The Irishman – Film Review
Director: Martin Scorsese
Cast: Robert De Niro, Al Pacino, Joe Pesci
by Roger Crow / @RogerCrow
I’ve no idea what the budget was for Martin Scorsese’s latest movie, but The Irishman looks like it cost more than his first five films put together. (Given the fact the cast list has 489 people, I wouldn’t be surprised if it did. Imagine the catering budget alone). There are times when it feels like ’Now That’s What I Call a Gangster Movie’.
If you’re a fan of the director’s best work, there’s all your favourites: scenes of overly macho posturing; moments of domestic drama; mumbling; families; respect, or a lack of it; simmering tension; cars with fins; audacious overhead tracking shots.
Then there’s the stellar cast. Bobby De Niro, Joe Pesci (making a fine return to form with one of his best ever turns as Russell Bufalino), the sublime Stephen Graham, and hoo harrrr, Al Pacino’s Jimmy Hoffa, turned up to 11. Obviously. I’d have settled for three-plus hours of them, sat around a table reading from the phone book, they’re that compelling.
Alas women aren’t given much to do except stand around a bit looking like wallpaper. And occasionally emoting while a bunch of alphas stand off.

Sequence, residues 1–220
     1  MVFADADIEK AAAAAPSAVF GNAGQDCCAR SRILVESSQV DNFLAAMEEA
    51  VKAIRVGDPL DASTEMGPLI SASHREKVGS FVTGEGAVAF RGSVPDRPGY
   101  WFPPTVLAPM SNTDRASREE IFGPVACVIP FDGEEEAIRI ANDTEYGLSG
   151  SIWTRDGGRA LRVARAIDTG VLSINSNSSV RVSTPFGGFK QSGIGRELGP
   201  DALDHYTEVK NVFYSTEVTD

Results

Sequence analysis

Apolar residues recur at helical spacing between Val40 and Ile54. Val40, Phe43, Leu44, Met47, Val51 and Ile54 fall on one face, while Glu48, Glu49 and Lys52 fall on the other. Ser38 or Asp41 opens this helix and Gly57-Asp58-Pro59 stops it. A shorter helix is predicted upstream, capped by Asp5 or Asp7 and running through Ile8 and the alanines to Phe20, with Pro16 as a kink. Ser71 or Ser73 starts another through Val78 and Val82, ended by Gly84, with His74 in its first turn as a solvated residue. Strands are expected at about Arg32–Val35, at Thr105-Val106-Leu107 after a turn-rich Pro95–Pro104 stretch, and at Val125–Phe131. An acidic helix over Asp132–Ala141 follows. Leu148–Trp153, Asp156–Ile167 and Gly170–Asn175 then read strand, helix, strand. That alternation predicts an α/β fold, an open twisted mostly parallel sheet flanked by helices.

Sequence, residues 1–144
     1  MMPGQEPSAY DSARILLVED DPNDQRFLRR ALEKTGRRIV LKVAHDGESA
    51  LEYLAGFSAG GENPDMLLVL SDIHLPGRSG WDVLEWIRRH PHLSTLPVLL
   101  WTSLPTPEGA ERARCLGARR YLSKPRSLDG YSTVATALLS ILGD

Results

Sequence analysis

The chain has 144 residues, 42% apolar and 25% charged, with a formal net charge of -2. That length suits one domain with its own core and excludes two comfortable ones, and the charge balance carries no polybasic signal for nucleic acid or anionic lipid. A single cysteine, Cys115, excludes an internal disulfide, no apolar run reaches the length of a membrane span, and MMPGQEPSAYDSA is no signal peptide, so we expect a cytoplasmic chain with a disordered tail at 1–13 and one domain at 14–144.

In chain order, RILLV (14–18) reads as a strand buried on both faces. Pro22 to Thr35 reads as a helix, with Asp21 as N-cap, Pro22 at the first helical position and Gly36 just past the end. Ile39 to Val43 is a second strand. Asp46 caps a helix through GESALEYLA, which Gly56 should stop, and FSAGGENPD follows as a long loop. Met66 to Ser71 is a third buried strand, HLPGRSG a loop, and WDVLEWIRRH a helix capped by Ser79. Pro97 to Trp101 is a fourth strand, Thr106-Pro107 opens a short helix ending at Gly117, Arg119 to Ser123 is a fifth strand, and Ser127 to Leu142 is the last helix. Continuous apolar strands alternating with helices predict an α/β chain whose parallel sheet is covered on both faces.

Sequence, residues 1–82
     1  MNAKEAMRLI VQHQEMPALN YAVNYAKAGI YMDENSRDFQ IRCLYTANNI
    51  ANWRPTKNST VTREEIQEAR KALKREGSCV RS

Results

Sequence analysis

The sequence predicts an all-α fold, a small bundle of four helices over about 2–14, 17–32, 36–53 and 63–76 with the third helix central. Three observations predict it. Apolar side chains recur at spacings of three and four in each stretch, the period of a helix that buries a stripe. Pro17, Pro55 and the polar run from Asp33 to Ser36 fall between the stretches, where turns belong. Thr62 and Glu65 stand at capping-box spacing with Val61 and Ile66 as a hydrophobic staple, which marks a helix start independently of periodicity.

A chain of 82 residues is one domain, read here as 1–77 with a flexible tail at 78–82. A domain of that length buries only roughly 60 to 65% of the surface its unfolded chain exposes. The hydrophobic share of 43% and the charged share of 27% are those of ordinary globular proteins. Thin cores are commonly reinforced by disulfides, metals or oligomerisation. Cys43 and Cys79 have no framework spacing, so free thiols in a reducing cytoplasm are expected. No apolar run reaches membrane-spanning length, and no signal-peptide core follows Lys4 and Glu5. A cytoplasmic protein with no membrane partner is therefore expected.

There are times in the final act when it feels like every other scene is punctuated by people getting shot in the head, or cars with and without fins exploding. But there’s also much needed levity, and the odd random bit of life advice like never put a fish in your car.
Nobody makes movies like Martin Scorsese, and thank heavens for that.
The Irishman no doubt benefits from the big screen experience where you can absorb all 209 bum-numbing minutes in one sitting, but as I’ve reached the point where I can’t cope with punters on their phones in theatres, or folks talking around me, I’m glad I saw it in a few bursts on Netflix. It’s an epic feast for lovers of great cinema, and a treat to see masters of their craft sparking off one another.
There are times when it feels like a remake of Warren Beatty’s Dick Tracy, given the squashy faces of some of its anti heroes, but that’s no bad thing. I could have stared at Joe Pesci’s face all night. Oh, actually, I did.
Some films are better on a second screening when you know who’s who and what’s what, so I may give it another look to savour it all.
I’ve no idea how accurate the tale of union leader Hoffa (Pacino) and the gangsters who orbit around him is, but maestro screenwriter Steve Zaillian has no doubt done a great job of adapting the Charles Brandt book.
If you can cope with the ketchup and violence, this is well worth a look.